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Sunday, May 14, 2006
Updated: May 17, 3:42 PM ET
Wallace: Pistons will 'bust their [butts]' in Game 4

Associated Press

CLEVELAND -- The Detroit Pistons will win Game 4 -- guaran-Sheed.

One day after an 86-77 loss to the Cavaliers cut Detroit's series lead in half, forward Rasheed Wallace, the irrepressible motor mouth from the Motor City, boldly declared the Pistons would win Game 4.

On top of that, Wallace proclaimed the best-of-seven series over.

Rasheed Wallace
Rasheed Wallace declared Sunday the Pistons would defeat the Cavs in Game 4 on Monday.
"I know we're going to win it," Wallace said sitting on the scorer's table following Sunday practice at Quicken Loans Arena. "We're going to bust their [butt]. Tomorrow night is the last game here in this building for this year."

Sheesh, Sheed. Anything else big fella?

"Y'all can quote me, put it back page, front page, whatever," Wallace said. "They can send whoever they want to send. I know the crew I think they're going to send. But it don't matter. I know we can do it, and they know we can do it. We know what we've got to do."

Although he said he respects the Cavs, Wallace isn't worried about giving them any motivation.

"It ain't bulletin board material, it's a fact," he said bluntly. "They can put it on the bulletin board. They can put it on a video. I don't care. I know what we're capable of doing, that's all that it is."

Wallace has gone prognosticator before in the playoffs, placing his neck on the line to inspire his teammates. And, the Pistons have responded with a win every time.

"That's what we do," Wallace said.

The Pistons, up 2-1 in the series, will have to take better care of the ball and do more to contain LeBron James or they'll have make another trip to Ohio. Game 5 is Wednesday night in Auburn Hills, Mich.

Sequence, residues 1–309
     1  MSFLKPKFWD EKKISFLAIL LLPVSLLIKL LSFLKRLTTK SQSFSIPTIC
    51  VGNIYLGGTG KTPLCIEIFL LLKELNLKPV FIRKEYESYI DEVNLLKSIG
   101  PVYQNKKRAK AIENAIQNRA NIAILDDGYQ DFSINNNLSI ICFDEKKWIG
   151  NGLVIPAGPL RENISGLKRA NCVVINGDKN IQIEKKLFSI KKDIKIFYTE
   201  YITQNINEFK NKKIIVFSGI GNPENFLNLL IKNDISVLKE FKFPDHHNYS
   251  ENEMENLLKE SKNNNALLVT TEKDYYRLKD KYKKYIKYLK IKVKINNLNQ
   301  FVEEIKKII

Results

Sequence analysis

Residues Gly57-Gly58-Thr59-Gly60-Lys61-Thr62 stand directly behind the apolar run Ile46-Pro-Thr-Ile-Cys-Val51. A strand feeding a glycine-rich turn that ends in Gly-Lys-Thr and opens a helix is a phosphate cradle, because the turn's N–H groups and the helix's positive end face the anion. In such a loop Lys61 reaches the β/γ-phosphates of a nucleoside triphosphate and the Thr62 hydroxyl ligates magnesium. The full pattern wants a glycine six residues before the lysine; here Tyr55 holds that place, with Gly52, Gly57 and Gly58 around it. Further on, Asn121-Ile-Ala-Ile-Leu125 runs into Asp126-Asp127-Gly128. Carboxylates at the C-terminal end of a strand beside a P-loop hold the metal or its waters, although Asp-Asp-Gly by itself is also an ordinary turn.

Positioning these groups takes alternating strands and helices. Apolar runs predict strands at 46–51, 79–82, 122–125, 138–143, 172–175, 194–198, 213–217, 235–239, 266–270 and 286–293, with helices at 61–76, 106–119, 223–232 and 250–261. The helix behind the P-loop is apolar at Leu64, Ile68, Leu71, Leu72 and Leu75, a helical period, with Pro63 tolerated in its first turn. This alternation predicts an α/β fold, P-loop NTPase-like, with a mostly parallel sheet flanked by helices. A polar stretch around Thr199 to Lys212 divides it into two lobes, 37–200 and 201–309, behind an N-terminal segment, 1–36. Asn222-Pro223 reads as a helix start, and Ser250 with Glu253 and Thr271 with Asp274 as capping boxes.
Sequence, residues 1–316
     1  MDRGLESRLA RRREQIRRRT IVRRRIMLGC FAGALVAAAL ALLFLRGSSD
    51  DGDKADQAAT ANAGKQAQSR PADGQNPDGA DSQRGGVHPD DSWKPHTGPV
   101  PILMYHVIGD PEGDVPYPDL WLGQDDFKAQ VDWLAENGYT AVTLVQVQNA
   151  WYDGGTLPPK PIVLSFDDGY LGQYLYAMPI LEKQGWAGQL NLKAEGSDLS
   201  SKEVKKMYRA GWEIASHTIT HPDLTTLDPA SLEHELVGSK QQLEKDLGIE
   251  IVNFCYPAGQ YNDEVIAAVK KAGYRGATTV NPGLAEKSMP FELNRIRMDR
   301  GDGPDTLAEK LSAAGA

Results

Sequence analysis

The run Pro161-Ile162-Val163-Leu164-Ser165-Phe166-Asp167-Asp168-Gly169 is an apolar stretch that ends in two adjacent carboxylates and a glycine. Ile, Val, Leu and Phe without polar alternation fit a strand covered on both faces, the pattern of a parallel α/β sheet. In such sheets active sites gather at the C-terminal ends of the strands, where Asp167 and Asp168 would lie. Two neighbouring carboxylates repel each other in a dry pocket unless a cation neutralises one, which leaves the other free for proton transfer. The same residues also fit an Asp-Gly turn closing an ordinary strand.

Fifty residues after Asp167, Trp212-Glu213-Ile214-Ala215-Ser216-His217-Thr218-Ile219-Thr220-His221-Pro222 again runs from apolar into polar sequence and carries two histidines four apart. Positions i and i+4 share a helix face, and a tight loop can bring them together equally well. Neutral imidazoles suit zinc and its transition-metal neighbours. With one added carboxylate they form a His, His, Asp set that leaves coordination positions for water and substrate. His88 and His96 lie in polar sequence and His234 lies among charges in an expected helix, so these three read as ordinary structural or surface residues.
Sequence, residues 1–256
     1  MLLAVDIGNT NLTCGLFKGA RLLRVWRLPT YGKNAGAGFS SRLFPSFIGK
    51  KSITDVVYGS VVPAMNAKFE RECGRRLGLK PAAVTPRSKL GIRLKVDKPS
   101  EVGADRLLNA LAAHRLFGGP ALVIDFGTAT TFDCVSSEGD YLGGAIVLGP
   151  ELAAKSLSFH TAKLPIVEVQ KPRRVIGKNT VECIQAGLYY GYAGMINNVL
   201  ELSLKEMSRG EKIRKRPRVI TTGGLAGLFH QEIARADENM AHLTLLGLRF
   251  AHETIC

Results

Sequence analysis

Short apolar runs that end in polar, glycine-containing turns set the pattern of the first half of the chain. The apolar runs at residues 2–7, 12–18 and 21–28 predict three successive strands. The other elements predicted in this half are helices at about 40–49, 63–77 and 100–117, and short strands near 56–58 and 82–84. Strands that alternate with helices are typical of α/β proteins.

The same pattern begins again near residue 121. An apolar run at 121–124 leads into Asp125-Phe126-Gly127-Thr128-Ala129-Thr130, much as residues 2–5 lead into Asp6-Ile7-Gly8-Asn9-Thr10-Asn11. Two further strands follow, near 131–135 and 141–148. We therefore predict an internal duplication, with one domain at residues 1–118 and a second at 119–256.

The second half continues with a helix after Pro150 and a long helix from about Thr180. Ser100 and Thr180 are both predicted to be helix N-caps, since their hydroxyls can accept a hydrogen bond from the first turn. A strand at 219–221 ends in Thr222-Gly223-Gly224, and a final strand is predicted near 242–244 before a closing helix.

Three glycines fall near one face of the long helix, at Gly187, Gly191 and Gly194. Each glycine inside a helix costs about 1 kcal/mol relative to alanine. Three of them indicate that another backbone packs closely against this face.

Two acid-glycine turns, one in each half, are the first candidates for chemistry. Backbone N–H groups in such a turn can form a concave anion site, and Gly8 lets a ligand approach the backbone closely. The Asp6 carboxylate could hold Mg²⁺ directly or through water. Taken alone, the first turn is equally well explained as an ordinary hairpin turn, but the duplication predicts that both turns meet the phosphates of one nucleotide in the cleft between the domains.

James, who scored 15 points in the fourth on Saturday while recording his second triple-double in his first playoffs, laughed off Wallace's boasts.

"That's Rasheed," James said. "Every playoffs, you know you're going to get at least one good quote out of him. We can't get caught up in that."

The Pistons are accustomed to hearing Wallace spout off. And, they know when he does, they'd better come through.

"You have to go out there and play even harder and get a win for him," Richard Hamilton said. "We have to have his back, do what we do, and get a win."

The Cavaliers' hopes rest with James, who in Game 3 had perhaps his finest all-around 48 minutes this season.

Although tempted to take over, James didn't until he had no other choice. For three quarters, he sat back and let things unfold before him. He entered the final 12 minutes with just six points on 3-of-10 shooting before seizing the game.

With a Wilt Chamberlain-like finger roll, James gave the Cavs their first lead of the second half, and over the next 6:36, he scored 11 with two assists -- the last to Damon Jones for a 3-point dagger to put Cleveland ahead by 10.

"It's the best game he's played," Cavs forward Donyell Marshall said. "He didn't press the issue. He found people, he rebounded and he scored when he needed to score."

Other than James, the Pistons' biggest problem was, well, the Pistons.

They made 17 turnovers -- only one less than their combined total in the series' first two games -- and missed shots that were ripped the nets in Games 1 and 2. For all their playoff experience, the Pistons looked like postseason newcomers down the stretch.

However, coach Flip Saunders isn't too concerned.

"It's a matter of getting back to meat-and-potatoes basketball," he said. "We tried to do too much. We played out of character."

While Wallace may have been the only Detroit player to publicly predict a victory in Game 4, the Pistons, who are 6-0 in Game 4s the past two seasons, are equally confident they still control the series.

Chauncey Billups praised the Cavs for winning a Detroit-style, low-scoring game. Cleveland had to change its game plan to do so. Don't look for the Pistons to make major adjustments.

"Nothing's got to change," Billups said. "We just have to be a little more disciplined in what we're doing. We don't have to change none of our Xs and Os. We just have to not take any chances."

Wallace doesn't see his prediction as risky. He relishes the role of villain, and will be treated with the usual disdain by Cleveland fans, who are still angry at him for a flagrant foul against center Zydrunas Ilgauskas this season.

Wallace isn't afraid of the Cavs, or anyone else.

"There's only one team out there, two teams tops, that can really give us that good challenge that it's like, 'All right, we know we can't make no mistakes against those teams,"' he said.

The Cavaliers aren't one?

"Nah," he said.